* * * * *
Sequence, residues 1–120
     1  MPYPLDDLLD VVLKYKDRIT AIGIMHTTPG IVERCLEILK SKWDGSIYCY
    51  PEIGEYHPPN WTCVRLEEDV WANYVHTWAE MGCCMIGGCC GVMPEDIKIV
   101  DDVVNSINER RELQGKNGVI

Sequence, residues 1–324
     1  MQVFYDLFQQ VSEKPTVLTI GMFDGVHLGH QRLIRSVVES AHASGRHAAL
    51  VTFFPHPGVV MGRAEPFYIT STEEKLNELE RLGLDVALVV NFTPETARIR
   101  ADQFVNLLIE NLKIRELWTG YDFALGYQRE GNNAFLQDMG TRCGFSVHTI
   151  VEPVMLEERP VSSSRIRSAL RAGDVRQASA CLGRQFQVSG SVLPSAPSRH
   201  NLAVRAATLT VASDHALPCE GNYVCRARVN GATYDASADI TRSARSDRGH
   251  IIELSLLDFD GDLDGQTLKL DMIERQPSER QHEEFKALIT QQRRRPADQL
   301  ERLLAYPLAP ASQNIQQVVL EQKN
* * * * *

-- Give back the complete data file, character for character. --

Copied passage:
Sequence, residues 1–120
     1  MPYPLDDLLD VVLKYKDRIT AIGIMHTTPG IVERCLEILK SKWDGSIYCY
    51  PEIGEYHPPN WTCVRLEEDV WANYVHTWAE MGCCMIGGCC GVMPEDIKIV
   101  DDVVNSINER RELQGKNGVI

Sequence, residues 1–324
     1  MQVFYDLFQQ VSEKPTVLTI GMFDGVHLGH QRLIRSVVES AHASGRHAAL
    51  VTFFPHPGVV MGRAEPFYIT STEEKLNELE RLGLDVALVV NFTPETARIR
   101  ADQFVNLLIE NLKIRELWTG YDFALGYQRE GNNAFLQDMG TRCGFSVHTI
   151  VEPVMLEERP VSSSRIRSAL RAGDVRQASA CLGRQFQVSG SVLPSAPSRH
   201  NLAVRAATLT VASDHALPCE GNYVCRARVN GATYDASADI TRSARSDRGH
   251  IIELSLLDFD GDLDGQTLKL DMIERQPSER QHEEFKALIT QQRRRPADQL
   301  ERLLAYPLAP ASQNIQQVVL EQKN